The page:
Bookmarked Herb Quine Interviews Herb Quine (Kicks Condor)

Some time ago, I had a reader send me a very curious e-mail. It was an interview that they had conducted. In fact, they had interviewed themself! At first, this was very puzzling.[1] But, on some reflection, I realized what a gift this was! I don’t like my part of the interview very well anyway. This is the answer!

Kicks Condor shares an interview featuring Herb Quine interviewing himself. This is an intriguing exercise as it provides different perspectives from the one person. Something similar to the work of Gilles Deleuze and Félix Guattari.

This is an insightful exercise. Alongside #DigiWriMo alternative CV, Doug Belshaw’s letter to the past and Seth Godin’s letter to the future, these prompts offer a range of approaches for unpacking our sense of identity.

Replied to Desperate Pleas for Nothing (Kicks Condor)

How the interview works is – someone e-mails me a desperate plea to contribute to my blog – in a voice that almost reads like an automated marketing e-mail.

I then reply that, no, they are not desperate – I am the desperate one. I truly want to interview them![1] And I attach my questions right there – to make it easy for them.

At that point, inexplicably, I never hear from them again.

Thought provoking as always Kicks. I really enjoy Alan Levine’s treatment, but you take it to a whole new creative level.
Replied to Gardens and Streams (Kicks Condor)

I like Chris’ point about Stonehenge being the first wiki. It’s not that it’s a kind of left-field observation. I think that we understand better the work we do now by realizing that Stonehenge wasn’t just a work of art or an artifact for them – it hadn’t achieved that status while it was coming together.

Kicks, so much to think about and consider in regards to wikis and commonplace bookswikis and commonplace books. It helps in thinking I really like your point about h0p3 building towards something that is yet to be properly formalised.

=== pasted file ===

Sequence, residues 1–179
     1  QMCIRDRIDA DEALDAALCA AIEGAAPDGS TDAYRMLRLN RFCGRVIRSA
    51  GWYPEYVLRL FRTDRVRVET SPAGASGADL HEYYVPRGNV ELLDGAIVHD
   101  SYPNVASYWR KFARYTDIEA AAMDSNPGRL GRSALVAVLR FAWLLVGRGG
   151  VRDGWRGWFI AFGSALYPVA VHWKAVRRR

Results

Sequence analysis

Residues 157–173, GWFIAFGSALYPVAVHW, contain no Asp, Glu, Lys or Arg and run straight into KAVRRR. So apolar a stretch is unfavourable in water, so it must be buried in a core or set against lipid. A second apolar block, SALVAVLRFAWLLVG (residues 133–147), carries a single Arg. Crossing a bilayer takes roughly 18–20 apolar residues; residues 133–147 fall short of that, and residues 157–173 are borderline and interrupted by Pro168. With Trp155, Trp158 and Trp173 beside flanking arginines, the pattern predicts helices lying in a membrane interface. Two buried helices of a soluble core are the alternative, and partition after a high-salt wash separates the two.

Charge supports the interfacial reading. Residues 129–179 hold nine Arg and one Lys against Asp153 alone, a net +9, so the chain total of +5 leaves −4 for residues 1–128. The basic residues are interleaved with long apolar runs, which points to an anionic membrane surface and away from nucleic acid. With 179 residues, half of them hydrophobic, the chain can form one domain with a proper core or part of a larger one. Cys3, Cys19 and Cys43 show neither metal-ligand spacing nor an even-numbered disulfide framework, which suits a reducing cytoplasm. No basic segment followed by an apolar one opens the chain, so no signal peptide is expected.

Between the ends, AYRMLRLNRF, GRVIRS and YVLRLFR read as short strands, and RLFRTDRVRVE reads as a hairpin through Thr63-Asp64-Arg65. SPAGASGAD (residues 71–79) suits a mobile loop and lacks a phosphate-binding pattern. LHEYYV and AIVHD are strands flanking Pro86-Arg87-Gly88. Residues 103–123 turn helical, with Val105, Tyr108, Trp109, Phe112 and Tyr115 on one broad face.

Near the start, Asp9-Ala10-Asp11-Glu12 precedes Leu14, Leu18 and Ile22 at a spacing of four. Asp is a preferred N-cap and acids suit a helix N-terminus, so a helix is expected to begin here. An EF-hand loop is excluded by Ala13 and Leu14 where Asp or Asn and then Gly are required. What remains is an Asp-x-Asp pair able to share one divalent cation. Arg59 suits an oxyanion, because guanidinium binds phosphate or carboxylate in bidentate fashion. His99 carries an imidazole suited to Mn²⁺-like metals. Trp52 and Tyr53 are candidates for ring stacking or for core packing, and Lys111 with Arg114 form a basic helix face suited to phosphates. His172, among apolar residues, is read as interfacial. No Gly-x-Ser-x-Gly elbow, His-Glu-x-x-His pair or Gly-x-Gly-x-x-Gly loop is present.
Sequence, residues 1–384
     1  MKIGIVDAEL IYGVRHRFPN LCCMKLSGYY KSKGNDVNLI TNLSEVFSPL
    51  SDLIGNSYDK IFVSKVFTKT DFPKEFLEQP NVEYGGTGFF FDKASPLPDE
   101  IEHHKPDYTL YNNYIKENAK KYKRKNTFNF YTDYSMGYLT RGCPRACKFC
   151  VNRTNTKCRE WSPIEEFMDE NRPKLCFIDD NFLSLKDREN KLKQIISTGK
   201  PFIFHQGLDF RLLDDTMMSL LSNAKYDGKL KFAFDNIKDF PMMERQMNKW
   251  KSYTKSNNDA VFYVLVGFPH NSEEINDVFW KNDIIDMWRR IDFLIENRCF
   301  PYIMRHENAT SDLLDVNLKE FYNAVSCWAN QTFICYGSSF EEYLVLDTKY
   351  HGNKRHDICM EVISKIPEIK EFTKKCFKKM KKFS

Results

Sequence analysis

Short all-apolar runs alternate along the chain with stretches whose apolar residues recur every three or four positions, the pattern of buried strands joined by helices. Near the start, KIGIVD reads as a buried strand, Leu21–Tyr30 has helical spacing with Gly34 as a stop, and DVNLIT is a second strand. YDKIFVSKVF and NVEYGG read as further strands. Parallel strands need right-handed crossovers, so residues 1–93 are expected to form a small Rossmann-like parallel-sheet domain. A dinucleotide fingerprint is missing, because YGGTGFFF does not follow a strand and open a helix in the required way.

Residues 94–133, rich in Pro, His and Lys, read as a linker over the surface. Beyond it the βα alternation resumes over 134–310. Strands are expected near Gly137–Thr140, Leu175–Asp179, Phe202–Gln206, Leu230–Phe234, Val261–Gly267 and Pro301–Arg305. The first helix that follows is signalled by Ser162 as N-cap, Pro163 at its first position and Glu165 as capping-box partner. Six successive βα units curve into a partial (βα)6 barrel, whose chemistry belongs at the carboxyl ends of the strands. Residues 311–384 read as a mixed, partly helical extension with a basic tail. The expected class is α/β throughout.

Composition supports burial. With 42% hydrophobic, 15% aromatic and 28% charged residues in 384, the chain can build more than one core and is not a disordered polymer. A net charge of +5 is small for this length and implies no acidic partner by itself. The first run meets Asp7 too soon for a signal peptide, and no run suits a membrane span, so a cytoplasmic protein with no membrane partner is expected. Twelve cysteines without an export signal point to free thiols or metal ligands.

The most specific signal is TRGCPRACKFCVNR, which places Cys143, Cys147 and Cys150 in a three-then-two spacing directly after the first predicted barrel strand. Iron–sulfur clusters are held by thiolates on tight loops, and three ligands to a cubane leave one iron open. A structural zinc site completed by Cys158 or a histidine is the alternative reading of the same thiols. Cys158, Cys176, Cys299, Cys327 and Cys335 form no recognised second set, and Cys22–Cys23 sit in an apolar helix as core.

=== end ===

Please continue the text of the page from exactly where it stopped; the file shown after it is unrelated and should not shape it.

Replied to Blogging Less in the 2020s (Kicks Condor)

When I think about writing online – I really just want to add something to someone’s life. To introduce them to a link, in the same way that Andy Baio introduced me to HIGH END CUSTOMIZABLE SAUNA EXPERIENCE. Or to write something they enjoy, just as Nadia Eghbal did with “The Tyranny of Ideas” – an essay I keep coming back to. Or maybe I meet them and can’t even sum it up with a single link, as with h0p3 (at who I just like to converse with and keep up with throughout my week.

In this way, I feel successful. I might get a nice e-mail from someone. Or I might hear from someone I linked to, saying, “Hey, I had a few people find me through you.” Or I might just not know at all – most people just read and move on, which is totally understandable. And it might be several years later that they say thanks in some blog post that I stumble across.

Personally, I post when I get the chance. I am therefore probably failing.

I do try and complete something of a monthly review, but even that could be more regular.

Bookmarked Fraidycat (

Fraidycat is a browser extension for Firefox or Chrome. (Just those right now – it’s brand-new, quite experimental.) I use it to follow people (hundreds) on whatever platform they choose – Twitter, a blog, YouTube, even on a public TiddlyWiki.

Along with other applications like Granary, Aperture and Indigenous, Fraidycat offers a different way of consuming the web. I just wonder about the possibility of adding OPML files, rather than links one at a time.

David Yates sums it up as follows:

Fraidycat produces no notifications, applies no machine learning to your subscriptions to recommend content you might like, and doesn’t gamify your actions or track you. You choose who to follow and how to follow, and the app does nothing outside of that. Fraidycat is the best RSS reader I’ve ever used because of what it leaves out.

While Clive Thompson suggests that the mental ergonomics offers an alternative for our algorithmicized age:

Fraidycat is a tool you use, and which you have to figure out how to use in the fashion that fits your mental style.
This has, of course, the mental ergonomics the opposite of our algorithmicized age, where social-media feeds promise to make it super comfy for us — we just lean back while they do all the hard work of sorting the best stuff, which works great until miscreants game the rulesets and the feed devolves into a slurry of jittery influencers, can-you-believe-this spit-takes, conspiracybots and SkyMall-level promoted Weird Crap.